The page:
Briefly, WT and Fmr1 KO mice (post natal age 21 days) were anaesthetized with an isofluorane/air mix (3% for initial induction and 1.5–2% for maintenance), head-fixed in a stereotaxic apparatus (David Kopf Instruments), and placed on a heating pad (HP-1M, Physitemp Instruments, Inc.) connected to a controller (TCAT-2LV, Physitemp Instruments, Inc.) set to maintain the body temperature at 37 °C. Three hundred nanoliters of either AAV-shScr or AAV-shH1a were injected bilaterally into the dorsal hippocampus (Supplementary ref. 21; mouse brain atlas; coordinates: −1.95 mm AP, ± 1.25 mm ML, −1.35 mm DV from bregma). The viruses were injected at the rate of 75 nL/min. The injections were performed using a 34-gauge needle (World Precision Instruments) attached to a 10 µL-NanoFil microsyringe (Nanofil, World Precision Instruments). The microsyringe was driven by an electronic micropump system (UltraMicroPump, World Precision Instruments) connected to a microprocessor controller (Micro4, MicroSyringe Pump Controller). Treatments (shCtrl and shH1a) were randomly assigned to individual mice, and balanced within a litter. Electrophysiological experiments began 4 weeks after virus infusion when transgene protein expression had peaked to remain at stable levels (Supplementary ref. 22). Behavioral testing started 9 weeks after virus infusion. Injection of AAV vectors resulted in the efficient infection of about 97% of CA1 neurons (Supplementary Fig. 15).
Electrophysiological recordings of NMDAR currents
Acute hippocampus slices were prepared from male 11–15-day-old WT and Fmr1 KO mice (for experiments performed at University of Catania; Fig. 5, Supplementary Fig. 5). Brains were removed and placed in oxygenated ice-cold artificial cerebrospinal fluid (ACSF; in mM: NaCl 124; KCl 3.0; NaH2PO4 1.2; MgSO4 1.2; CaCl2 2.0; NaHCO3 26; D-glucose 10; pH 7.3), and transversal slices of dorsal hippocampus (300 µm thick) were cut using a vibratome (Leica VT1200). Slices were allowed to recover for at least 3 h at RT. For some experiments slices were incubated with 5–10 µM TAT-mGluR5ct or TAT-mGluR5mu for 4 h at RT.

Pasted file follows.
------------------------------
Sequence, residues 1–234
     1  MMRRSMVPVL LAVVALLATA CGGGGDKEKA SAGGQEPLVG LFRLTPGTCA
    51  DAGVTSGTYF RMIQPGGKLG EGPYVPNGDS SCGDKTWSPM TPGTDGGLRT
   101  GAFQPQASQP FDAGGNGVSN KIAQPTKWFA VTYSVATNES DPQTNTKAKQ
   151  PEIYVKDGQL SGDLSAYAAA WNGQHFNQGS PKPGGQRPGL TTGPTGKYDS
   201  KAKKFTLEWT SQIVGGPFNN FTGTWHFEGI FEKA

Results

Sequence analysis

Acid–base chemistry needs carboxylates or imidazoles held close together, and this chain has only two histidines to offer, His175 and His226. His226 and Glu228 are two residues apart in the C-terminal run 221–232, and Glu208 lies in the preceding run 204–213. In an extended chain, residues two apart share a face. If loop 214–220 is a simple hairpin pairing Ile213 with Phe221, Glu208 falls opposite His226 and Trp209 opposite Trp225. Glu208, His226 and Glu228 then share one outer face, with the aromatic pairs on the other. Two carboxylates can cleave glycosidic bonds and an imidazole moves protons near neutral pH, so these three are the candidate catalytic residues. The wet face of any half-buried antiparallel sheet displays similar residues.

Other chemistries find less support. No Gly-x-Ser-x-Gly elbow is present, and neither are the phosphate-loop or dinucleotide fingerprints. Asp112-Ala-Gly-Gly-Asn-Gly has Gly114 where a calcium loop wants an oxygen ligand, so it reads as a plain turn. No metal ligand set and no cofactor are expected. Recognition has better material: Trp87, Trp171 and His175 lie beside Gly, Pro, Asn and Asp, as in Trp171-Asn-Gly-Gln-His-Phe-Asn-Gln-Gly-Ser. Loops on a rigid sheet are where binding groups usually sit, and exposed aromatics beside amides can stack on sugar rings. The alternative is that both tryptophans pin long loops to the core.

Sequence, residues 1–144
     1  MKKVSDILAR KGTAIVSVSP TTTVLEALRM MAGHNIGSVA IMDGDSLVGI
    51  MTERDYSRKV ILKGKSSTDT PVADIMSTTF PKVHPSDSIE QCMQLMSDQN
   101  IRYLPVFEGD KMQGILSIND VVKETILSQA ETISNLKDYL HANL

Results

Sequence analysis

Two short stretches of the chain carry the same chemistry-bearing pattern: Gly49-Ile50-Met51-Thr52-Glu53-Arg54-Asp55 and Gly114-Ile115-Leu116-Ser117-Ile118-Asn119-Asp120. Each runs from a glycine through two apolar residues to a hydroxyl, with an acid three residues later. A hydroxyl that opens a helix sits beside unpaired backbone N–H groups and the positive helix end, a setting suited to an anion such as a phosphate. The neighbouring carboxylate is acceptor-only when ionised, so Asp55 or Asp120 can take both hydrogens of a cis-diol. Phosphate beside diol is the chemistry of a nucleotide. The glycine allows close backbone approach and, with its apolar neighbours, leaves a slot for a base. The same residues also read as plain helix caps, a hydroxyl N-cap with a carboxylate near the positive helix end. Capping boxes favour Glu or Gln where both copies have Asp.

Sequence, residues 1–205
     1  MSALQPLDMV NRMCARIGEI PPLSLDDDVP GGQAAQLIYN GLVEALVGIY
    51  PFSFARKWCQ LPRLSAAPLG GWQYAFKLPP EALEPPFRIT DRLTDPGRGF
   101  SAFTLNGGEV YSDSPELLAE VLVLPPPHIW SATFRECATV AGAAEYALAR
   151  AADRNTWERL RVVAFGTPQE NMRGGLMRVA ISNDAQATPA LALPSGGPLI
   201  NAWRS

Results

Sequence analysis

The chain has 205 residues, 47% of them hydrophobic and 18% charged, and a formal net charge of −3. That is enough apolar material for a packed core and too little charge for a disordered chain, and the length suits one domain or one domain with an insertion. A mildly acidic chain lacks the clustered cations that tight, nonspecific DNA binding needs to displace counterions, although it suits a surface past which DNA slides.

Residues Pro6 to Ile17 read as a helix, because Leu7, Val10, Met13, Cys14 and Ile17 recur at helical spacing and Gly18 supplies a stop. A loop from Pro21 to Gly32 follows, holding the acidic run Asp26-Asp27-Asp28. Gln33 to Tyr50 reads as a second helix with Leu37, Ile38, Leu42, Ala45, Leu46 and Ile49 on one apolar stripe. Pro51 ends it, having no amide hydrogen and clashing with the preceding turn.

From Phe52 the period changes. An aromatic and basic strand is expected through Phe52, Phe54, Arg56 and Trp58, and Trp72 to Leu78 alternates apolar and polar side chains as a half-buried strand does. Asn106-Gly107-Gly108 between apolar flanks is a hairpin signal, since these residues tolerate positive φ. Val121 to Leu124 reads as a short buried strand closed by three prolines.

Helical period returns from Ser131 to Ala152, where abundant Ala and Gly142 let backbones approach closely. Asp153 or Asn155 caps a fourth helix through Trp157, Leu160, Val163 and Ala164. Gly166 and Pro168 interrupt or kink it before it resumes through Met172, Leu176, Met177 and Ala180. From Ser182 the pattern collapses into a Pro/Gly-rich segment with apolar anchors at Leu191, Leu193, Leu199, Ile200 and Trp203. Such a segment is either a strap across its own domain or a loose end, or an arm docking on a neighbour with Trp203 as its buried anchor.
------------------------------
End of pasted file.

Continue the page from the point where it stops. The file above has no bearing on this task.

For electrophysiological recordings, slices were transferred to the recording chamber and visualized using a Leica DMLFS microscope equipped with 20X/0.3 nA and 40×/0.80 nA objectives and differential interference contrast (DIC). A tungsten monopolar electrode (WPI) was placed in the stratum radiatum to stimulate Schaffer collaterals using negative current pulses (duration 0.3 milliseconds), delivered every 30 s by a stimulus generator (A310 Accupulser with A360 stimulus isolator unit, WPI, USA). Stimulation intensity was set to induce 80% of maximal EPSC amplitude. Evoked EPSCs were recorded at RT from CA1 pyramidal neurons in the whole-cell patch-clamp configuration at a holding potential of −60 mV using an EPC7-plus amplifier (HEKA, Germany). Current traces were filtered at 3 kHz and digitized at 10 kHz. The NMDA-to-AMPA ratio (NMDA/AMPA) of evoked EPSCs was measured following standard procedures (Supplementary ref. 23). Patch pipettes (open-tip resistance of 1.5–3 MΩ) were filled with intracellular solution containing cesium (130 mM) and tetraethylammonium (TEA, 10 mM). Mixed NMDA/AMPA EPSCs were evoked in ACSF containing bicuculline (5 µM) and glycine (10 µM). EPSCs were evoked every 15 s and recorded at a holding potential of −90 mV, 0 mV, and +50 mV. For NMDA/AMPA ratio measurements, at least twenty traces were averaged at holding potential (HP) of −90 and +50 mV respectively. At a HP −90 mV, EPSCs were exclusively mediated by activation of AMPA receptors (EPSCAMPA). The time to peak of EPSCAMPA at HP of −90 mV was used to establish the time window for measuring the peak EPSCAMPA at +50 mV. A complete decay to baseline of EPSCAMPA at HP of −90 mV generally occurred 40 ms after the stimulus artifact. This delay was used as a time window to measure the amplitude of the current mediated by NMDAR (EPSCNMDA) at a HP +50 mV. The amplitude of EPSCNMDA at +50 mV divided by the amplitude of EPSCAMPA at +50 mV was taken as the NMDA/AMPA ratio.